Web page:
Education providers are often unable, or unwilling, to provide services tailored to mobile and migratory populations, which include many people who fish for a living. The educational status of parents also plays an important role in deciding to send children to school and in their ability to support their children’s education.


Strong occupational identities and the impact of child labour may also reduce school enrollment and attendance.

Economic conditions in these communities also contribute to lack of education, engendering scarce education enhancement materials. Because of the financial status of most of the parents of these children, they are unable or unwilling to provide the necessary learning materials such as books, pens, bags and school uniform, shoes etc. 

We at Coast Bridge-Ghana have adopted diverse strategies and methods of addressing the educational and literacy challenges of these rural fishing villages including having an open air classrooms for informal education and regular and structured classrooms for formal school as well as reaching parent  of the children in the house in our quest to improving literacy in the village.




Research shows that the healthcare needs of individuals living in rural areas are different from those in urban areas, and rural areas often suffer from lack of access to healthcare.

Our fishing communities are now turning into refuse dumping site, and our beaches are filled with litter. Many fishing communities lack the means and policies to keep the environment clean and healthy. These behaviours have led to wide spread diseases and sickness.


Coast Bridge-Ghana is adopting a proactive, preventive approach by educating the inhabitants of these communities to keep the environment clean and also adopt personal hygiene and other healthy practices to keep the inhabitants healthy.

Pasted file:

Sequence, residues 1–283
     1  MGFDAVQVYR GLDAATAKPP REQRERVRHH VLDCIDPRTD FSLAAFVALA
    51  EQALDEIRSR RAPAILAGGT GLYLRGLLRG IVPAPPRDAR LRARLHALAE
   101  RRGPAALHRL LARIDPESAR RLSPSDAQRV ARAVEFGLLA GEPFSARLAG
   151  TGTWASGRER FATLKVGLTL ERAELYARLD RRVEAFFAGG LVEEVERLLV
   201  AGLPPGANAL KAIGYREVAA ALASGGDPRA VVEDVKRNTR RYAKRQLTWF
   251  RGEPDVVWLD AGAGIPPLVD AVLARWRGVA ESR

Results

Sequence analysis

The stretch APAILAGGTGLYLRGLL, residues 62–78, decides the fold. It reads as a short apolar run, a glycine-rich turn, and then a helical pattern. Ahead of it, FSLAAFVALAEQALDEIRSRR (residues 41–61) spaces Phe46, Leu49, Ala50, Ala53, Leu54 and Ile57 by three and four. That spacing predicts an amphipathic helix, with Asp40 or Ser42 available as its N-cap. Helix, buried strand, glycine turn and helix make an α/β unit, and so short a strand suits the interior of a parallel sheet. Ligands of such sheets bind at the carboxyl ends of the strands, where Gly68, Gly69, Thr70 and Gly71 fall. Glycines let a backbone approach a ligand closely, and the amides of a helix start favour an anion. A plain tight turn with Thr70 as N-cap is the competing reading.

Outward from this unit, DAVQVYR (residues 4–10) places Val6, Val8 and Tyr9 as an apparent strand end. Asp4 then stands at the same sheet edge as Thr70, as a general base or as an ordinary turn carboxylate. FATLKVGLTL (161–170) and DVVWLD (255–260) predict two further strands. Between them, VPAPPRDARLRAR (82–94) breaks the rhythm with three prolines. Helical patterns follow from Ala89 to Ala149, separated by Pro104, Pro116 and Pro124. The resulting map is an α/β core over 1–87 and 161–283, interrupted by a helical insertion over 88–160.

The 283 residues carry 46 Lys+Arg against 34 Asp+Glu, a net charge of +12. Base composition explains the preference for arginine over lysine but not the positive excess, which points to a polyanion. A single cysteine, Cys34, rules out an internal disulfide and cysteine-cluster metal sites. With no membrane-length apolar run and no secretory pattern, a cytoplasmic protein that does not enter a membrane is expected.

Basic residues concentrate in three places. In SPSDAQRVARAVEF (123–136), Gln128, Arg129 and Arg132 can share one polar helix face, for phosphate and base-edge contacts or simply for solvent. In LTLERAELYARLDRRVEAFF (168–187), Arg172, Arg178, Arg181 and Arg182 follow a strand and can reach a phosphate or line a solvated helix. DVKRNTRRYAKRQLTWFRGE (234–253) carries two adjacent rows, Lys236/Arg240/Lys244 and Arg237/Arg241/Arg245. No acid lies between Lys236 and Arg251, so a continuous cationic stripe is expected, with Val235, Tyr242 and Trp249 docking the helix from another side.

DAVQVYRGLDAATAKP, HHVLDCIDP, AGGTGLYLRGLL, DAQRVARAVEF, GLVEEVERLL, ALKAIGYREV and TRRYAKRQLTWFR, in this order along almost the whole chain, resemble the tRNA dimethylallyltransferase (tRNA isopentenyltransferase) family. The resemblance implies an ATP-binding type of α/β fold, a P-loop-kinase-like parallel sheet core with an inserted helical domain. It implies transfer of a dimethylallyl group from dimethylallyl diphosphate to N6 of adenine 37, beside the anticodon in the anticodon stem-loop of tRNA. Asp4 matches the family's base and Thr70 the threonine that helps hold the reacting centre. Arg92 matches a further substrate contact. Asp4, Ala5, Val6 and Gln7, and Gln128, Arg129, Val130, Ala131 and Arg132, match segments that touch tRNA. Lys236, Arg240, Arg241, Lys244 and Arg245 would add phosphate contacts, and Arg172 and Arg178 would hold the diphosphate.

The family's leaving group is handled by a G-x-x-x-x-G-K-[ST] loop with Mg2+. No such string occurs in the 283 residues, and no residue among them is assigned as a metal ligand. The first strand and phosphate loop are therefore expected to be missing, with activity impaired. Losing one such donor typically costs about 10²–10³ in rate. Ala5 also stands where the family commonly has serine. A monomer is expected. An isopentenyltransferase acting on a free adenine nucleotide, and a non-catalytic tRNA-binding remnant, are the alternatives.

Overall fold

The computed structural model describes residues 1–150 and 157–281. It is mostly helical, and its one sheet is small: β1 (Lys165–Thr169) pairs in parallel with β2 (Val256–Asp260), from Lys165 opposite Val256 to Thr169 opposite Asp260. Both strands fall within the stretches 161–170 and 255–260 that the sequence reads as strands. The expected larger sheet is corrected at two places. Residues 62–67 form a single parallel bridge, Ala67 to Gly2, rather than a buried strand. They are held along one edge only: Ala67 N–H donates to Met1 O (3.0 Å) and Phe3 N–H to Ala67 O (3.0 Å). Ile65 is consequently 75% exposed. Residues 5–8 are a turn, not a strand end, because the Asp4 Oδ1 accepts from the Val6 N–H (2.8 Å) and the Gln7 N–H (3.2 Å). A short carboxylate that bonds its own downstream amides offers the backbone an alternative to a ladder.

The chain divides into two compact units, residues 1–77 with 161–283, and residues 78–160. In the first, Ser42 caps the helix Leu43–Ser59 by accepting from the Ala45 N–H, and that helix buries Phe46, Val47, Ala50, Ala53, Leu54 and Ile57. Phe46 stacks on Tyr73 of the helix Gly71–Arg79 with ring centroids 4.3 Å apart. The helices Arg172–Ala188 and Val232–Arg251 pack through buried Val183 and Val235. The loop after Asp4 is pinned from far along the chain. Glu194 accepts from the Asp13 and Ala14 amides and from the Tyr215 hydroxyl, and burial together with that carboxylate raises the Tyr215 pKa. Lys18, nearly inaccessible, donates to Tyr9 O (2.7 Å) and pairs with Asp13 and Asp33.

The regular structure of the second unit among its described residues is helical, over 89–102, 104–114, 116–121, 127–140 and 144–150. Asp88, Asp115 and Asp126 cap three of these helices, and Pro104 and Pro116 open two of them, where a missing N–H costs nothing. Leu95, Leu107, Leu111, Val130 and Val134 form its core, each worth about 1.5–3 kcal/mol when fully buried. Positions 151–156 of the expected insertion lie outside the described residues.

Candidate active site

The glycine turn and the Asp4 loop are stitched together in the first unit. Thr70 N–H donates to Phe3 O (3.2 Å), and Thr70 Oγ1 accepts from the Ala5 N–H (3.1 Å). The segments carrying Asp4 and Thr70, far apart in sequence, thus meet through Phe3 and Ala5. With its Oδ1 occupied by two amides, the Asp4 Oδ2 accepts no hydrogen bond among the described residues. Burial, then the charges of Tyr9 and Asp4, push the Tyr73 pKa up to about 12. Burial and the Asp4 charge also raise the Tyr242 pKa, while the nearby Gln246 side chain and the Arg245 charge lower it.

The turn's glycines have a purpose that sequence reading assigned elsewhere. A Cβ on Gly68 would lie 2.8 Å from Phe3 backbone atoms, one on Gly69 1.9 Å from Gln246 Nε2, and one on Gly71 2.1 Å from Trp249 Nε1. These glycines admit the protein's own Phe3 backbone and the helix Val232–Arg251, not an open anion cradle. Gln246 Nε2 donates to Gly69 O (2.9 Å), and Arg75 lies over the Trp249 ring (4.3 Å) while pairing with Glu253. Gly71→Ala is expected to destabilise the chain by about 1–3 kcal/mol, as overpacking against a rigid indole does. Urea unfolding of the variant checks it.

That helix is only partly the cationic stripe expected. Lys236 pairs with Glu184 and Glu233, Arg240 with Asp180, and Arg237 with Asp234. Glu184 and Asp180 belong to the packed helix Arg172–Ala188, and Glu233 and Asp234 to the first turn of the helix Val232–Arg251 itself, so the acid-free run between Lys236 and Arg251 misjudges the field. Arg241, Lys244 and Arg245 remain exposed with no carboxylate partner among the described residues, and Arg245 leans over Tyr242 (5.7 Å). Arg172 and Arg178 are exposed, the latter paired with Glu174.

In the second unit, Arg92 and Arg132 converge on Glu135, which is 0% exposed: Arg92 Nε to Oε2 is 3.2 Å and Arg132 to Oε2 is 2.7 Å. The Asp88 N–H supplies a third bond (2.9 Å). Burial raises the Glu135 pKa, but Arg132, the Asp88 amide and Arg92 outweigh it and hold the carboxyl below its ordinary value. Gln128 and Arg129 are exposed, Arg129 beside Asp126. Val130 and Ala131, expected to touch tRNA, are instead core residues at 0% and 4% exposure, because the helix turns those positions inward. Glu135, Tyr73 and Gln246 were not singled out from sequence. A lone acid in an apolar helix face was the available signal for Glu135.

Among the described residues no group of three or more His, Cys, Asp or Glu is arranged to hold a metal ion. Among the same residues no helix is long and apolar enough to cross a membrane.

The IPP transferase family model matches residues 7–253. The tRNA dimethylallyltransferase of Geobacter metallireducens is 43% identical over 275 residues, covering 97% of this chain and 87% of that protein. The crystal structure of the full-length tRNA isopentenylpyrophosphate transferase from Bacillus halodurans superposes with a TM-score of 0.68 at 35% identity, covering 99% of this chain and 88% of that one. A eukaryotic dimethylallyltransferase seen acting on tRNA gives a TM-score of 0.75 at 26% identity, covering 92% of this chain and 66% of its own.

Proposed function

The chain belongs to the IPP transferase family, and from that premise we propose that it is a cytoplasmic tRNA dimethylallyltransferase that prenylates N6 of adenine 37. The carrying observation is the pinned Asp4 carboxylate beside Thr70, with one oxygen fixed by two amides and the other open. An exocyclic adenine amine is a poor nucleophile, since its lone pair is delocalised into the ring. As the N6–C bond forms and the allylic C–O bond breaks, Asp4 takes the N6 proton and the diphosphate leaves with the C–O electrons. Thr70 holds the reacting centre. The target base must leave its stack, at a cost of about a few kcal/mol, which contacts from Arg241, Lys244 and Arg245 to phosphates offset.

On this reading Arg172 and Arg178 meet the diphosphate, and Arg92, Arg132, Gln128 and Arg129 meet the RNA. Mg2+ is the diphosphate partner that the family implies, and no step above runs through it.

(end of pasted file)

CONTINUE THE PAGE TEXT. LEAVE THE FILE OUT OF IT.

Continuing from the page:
Coast Bridge - Ghana also liaises with doctors, health practitioners and partners to organize health education occasionally to sensitize the community on preventive sickness and diseases as well as campaigns on keeping the environment clean.




In most fishing villages, the men are the main income earners since they fish; however, the women also engage in petty fish mongering by way of buying and selling of the fish. This means that the woman’s survival is solely dependent on the man.


Fishing activities in the villages are usually done in the morning.This means woman sit idle everyday with little or no income to feed themselves and family.


The center Coast Bridge-Ghana aims to develop will be a place where many skills can be acquired by the women which they will also pass down to their generations to give other alternatives of income other than the fishing.

Some of the possible craft and Art work that we think can easily be learnt by the women include soap making, bead making, basket weaving, and hat making.

This will generate income for the women and their families; it will also create part time jobs for many of the women and will enable the women to send and support their children in school. It will create skills for income generating other than fishing. Widows or unmarried women can be financially independent.